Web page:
On February 16, 2012, the University of Texas Energy Institute released a report titled “Fact-Based Regulation for Environmental Protection in Shale Gas Development.”  Weighing in at over 400 pages, the report comprehensively examined hydraulic fracturing from a number of different perspectives, including:  public perception of the issue; media coverage; environmental impacts from shale operations; and regulatory structure and enforcement at the federal and state levels.  The report reached many key conclusions concerning environmental impacts, including the following:

  • No instances were identified in which hydraulic fracturing itself caused groundwater contamination.
  • The presence of methane in groundwater near shale gas operations cannot reasonably be linked to those operations, because at many of these sites methane occurs in groundwater naturally (either due to geological conditions or from historic well activity that caused methane to leak from shallower levels).
    • Often methane is not detected beforehand because baseline (pre-drilling) sampling or monitoring was not conducted.
    • “[M]any of the water quality changes observed in water wells in a similar time frame as shale gas operations may be due to [agitation and] mobilization of constituents that were already present in the wells by energy (vibrations and pressure pulses) put into the ground during drilling and other operations rather than by hydraulic fracturing fluids or leakage from the well casing.”
  • The risks of using hydraulic fracturing fluid with chemical additives are mitigated by the depth at which the fluids are injected and the chemicals’ generally high biodegradability.  And claims of migration of hydraulic fracturing fluids from the shale zone to aquifers have not been confirmed.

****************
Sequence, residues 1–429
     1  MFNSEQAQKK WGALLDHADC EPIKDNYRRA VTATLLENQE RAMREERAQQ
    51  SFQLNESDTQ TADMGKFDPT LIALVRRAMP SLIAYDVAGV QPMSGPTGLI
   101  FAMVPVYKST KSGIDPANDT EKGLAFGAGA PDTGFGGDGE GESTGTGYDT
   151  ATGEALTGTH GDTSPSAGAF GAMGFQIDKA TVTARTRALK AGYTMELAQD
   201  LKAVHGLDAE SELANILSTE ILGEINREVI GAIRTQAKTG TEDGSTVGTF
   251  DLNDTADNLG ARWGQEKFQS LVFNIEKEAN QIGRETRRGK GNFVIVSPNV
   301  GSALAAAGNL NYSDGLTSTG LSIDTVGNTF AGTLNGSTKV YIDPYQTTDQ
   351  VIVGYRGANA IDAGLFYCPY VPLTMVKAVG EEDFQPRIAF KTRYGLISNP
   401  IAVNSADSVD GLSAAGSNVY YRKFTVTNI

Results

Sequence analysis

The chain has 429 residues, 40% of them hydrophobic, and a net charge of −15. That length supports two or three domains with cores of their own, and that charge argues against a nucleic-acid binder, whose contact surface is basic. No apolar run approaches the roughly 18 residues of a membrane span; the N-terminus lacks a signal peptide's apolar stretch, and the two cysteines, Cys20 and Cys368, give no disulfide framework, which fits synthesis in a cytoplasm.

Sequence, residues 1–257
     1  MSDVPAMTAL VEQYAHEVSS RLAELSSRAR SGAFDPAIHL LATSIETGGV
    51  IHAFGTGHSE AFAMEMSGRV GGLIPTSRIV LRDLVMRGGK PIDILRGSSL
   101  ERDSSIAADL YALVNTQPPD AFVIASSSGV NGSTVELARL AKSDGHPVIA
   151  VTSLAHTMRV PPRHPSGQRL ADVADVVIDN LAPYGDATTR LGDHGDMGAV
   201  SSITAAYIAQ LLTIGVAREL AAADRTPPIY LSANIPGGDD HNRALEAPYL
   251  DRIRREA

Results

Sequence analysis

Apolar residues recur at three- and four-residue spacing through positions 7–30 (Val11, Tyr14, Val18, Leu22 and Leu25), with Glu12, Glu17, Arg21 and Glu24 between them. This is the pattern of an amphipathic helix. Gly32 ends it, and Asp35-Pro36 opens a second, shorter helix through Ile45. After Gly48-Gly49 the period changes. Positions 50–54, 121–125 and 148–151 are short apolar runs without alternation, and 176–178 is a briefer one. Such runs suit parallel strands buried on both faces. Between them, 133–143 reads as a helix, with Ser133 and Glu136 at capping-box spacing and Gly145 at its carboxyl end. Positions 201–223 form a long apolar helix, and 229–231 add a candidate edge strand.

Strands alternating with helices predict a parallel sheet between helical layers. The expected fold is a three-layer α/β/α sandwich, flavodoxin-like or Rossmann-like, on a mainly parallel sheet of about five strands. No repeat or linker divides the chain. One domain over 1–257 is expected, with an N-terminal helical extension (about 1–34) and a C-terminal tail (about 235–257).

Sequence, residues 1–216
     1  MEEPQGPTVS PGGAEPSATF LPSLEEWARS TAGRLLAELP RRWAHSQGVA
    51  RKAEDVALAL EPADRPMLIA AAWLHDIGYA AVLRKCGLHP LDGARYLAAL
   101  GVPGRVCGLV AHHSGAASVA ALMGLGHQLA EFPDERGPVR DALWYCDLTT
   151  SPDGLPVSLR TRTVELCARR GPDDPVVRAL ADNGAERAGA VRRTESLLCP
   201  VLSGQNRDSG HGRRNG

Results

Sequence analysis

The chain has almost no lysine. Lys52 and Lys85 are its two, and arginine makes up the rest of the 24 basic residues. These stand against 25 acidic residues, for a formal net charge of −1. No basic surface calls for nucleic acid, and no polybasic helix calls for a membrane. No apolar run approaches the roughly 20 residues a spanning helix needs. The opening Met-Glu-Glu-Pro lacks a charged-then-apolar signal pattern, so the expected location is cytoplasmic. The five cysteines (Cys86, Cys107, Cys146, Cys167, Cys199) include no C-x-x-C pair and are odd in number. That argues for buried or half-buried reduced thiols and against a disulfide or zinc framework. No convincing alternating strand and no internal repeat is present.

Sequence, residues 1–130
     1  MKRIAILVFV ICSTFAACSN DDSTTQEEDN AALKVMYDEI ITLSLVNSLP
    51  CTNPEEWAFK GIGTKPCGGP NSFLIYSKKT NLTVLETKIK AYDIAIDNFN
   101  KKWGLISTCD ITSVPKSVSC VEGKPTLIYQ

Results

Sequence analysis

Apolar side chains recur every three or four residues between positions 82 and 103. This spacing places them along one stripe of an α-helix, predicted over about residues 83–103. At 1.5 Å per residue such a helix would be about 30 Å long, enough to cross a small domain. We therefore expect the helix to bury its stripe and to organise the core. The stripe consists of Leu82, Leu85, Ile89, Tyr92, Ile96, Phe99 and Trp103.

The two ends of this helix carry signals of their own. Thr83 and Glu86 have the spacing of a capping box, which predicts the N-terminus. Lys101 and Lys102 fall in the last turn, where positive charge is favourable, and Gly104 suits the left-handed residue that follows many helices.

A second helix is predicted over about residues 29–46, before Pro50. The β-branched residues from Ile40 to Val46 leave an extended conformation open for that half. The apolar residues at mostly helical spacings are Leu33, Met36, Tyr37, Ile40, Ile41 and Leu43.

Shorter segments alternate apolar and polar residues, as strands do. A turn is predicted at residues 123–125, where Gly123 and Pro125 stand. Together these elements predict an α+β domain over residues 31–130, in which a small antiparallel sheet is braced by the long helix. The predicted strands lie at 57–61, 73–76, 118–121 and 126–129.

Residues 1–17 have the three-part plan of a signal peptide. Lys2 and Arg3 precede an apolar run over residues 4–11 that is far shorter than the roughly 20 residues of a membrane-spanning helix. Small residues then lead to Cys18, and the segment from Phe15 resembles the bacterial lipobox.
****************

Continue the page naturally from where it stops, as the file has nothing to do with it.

• “Chemical additives may pose a higher risk in their concentrated form while being transported or stored on-site than when they are injected into the subsurface for hydraulic fracturing.”
  • The pathway with the greatest potential for impacts from shale gas wells involves failures in well integrity, which can lead to leakages in aquifers.
  • Conventional well drilling regulations address most issues as to blowouts and other subsurface gas releases.  But some states may need to upgrade their existing regulations to address the added step in shale gas development of hydraulic fracturing through the use of high well pressures.  Ohio is one such state, and Ohio DNR is in the process of updating its drilling regulations.

UPDATE:  Additional studies that were released after the University of Texas Energy Institute report are confirming many of these conclusions.